• With r between 3.44949 and 3.54409 (approximately), from almost all initial conditions the population will approach permanent oscillations among four values. The latter number is a root of a 12th degree polynomial (sequence A086181 in OEIS).
• With r increasing beyond 3.54409, from almost all initial conditions the population will approach oscillations among 8 values, then 16, 32, etc. The lengths of the parameter intervals that yield oscillations of a given length decrease rapidly; the ratio between the lengths of two successive such bifurcation intervals approaches the Feigenbaum constant δ = 4.66920$\dots$. This behavior is an example of a period-doubling cascade.
• At r approximately 3.56995 (sequence A098587 in OEIS) is the onset of chaos, at the end of the period-doubling cascade. From almost all initial conditions, we no longer see oscillations of finite period. Slight variations in the initial population yield dramatically different results over time, a prime characteristic of chaos.
• Most values beyond 3.56995 exhibit chaotic behaviour, but there are still certain isolated ranges of r that show non-chaotic behavior; these are sometimes called islands of stability. For instance, beginning at $1+\sqrt{8}$ (approximately 3.82843) there is a range of parameters r that show oscillation among three values, and for slightly higher values of r oscillation among 6 values, then 12 etc.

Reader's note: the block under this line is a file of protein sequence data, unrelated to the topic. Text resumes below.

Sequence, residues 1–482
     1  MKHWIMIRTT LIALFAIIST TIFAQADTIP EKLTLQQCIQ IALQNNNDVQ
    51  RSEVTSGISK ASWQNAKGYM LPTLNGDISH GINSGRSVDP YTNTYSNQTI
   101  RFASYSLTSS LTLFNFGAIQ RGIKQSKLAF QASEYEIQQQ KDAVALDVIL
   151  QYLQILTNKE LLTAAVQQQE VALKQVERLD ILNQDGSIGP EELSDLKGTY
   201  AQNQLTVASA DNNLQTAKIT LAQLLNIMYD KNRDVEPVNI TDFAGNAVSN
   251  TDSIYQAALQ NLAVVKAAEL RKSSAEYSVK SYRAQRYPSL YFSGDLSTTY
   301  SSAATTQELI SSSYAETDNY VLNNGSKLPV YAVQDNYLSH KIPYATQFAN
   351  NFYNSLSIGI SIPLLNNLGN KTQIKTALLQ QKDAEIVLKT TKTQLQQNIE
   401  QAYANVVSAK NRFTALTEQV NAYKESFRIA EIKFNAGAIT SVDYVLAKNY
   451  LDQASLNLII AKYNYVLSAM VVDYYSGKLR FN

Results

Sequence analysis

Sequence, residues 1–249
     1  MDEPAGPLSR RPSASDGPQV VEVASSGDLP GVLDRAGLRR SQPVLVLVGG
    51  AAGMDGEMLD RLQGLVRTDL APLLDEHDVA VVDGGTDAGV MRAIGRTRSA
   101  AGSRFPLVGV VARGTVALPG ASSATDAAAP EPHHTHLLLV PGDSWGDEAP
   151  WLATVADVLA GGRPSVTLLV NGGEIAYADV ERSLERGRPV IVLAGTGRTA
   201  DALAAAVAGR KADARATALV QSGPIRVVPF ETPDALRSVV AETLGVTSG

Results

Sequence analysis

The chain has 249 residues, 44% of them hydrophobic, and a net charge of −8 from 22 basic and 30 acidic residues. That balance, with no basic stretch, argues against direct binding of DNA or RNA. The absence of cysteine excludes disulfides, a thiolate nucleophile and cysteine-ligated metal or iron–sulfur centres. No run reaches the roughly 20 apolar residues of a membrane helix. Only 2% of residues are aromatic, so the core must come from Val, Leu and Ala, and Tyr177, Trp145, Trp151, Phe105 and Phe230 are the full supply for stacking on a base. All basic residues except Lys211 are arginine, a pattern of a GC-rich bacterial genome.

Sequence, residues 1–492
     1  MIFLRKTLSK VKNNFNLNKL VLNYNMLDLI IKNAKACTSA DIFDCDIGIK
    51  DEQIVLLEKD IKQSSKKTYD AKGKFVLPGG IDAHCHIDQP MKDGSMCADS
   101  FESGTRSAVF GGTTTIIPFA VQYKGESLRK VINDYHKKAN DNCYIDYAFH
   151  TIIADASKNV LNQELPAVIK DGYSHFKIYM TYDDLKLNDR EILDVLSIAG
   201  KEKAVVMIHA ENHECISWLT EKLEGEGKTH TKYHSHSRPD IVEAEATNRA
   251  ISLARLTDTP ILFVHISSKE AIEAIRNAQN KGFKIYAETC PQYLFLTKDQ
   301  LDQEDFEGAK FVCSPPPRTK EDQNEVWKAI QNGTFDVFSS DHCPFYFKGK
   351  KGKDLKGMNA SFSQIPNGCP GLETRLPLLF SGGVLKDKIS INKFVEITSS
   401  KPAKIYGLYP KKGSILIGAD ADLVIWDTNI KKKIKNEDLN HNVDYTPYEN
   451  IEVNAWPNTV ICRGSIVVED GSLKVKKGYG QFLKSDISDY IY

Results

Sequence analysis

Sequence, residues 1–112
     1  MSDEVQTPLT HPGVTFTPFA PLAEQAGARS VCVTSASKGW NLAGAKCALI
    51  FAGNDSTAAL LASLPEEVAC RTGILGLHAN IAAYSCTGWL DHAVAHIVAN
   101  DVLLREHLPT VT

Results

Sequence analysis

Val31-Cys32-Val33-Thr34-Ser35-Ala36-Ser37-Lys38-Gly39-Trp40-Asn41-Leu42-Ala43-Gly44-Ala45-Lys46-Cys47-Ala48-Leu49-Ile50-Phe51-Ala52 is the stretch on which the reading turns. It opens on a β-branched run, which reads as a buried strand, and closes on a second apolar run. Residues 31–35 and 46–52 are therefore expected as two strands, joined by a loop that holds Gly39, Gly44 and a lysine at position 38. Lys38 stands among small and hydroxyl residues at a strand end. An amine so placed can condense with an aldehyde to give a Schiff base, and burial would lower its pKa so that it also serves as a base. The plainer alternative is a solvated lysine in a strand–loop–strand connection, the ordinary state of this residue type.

• The development of the chaotic behavior of the logistic sequence as the parameter r varies from approximately 3.56995 to approximately 3.82843 is sometimes called the Pomeau–Manneville scenario, characterized by a periodic (laminar) phase interrupted by bursts of aperiodic behavior. Such a scenario has an application in semiconductor devices.[3] There are other ranges that yield oscillation among 5 values etc.; all oscillation periods occur for some values of r. A period-doubling window with parameter c is a range of r-values consisting of a succession of sub-ranges. The kth sub-range contains the values of r for which there is a stable cycle (a cycle that attracts a set of initial points of unit measure) of period $c2^{k}.$ This sequence of sub-ranges is called a cascade of harmonics.[4] In a sub-range with a stable cycle of period $c2^{k^{*}},$ there are unstable cycles of period $c2^{k}$ for all $k The r value at the end of the infinite sequence of sub-ranges is called the point of accumulation of the cascade of harmonics. As r rises there is a succession of new windows with different c values. The first one is for c = 1; all subsequent windows involving odd c occur in decreasing order of c starting with arbitrarily large c.[4][5]